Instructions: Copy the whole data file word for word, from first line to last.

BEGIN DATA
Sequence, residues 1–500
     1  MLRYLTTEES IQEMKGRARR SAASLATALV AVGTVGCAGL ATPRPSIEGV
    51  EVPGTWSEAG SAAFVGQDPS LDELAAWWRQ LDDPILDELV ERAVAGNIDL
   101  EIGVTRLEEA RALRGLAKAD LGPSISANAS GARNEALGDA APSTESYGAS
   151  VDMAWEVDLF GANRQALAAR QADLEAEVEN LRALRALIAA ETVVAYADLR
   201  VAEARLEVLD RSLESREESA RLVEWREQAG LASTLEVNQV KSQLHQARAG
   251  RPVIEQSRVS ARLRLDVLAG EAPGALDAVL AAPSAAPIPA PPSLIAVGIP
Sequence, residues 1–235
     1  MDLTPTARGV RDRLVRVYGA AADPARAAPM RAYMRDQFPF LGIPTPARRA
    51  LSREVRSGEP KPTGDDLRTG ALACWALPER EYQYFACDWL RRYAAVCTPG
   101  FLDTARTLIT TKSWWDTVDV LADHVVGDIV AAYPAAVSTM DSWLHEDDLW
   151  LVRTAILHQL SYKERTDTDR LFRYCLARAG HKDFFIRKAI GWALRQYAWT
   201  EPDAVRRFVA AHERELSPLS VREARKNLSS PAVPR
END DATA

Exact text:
Sequence, residues 1–500
     1  MLRYLTTEES IQEMKGRARR SAASLATALV AVGTVGCAGL ATPRPSIEGV
    51  EVPGTWSEAG SAAFVGQDPS LDELAAWWRQ LDDPILDELV ERAVAGNIDL
   101  EIGVTRLEEA RALRGLAKAD LGPSISANAS GARNEALGDA APSTESYGAS
   151  VDMAWEVDLF GANRQALAAR QADLEAEVEN LRALRALIAA ETVVAYADLR
   201  VAEARLEVLD RSLESREESA RLVEWREQAG LASTLEVNQV KSQLHQARAG
   251  RPVIEQSRVS ARLRLDVLAG EAPGALDAVL AAPSAAPIPA PPSLIAVGIP
Sequence, residues 1–235
     1  MDLTPTARGV RDRLVRVYGA AADPARAAPM RAYMRDQFPF LGIPTPARRA
    51  LSREVRSGEP KPTGDDLRTG ALACWALPER EYQYFACDWL RRYAAVCTPG
   101  FLDTARTLIT TKSWWDTVDV LADHVVGDIV AAYPAAVSTM DSWLHEDDLW
   151  LVRTAILHQL SYKERTDTDR LFRYCLARAG HKDFFIRKAI GWALRQYAWT
   201  EPDAVRRFVA AHERELSPLS VREARKNLSS PAVPR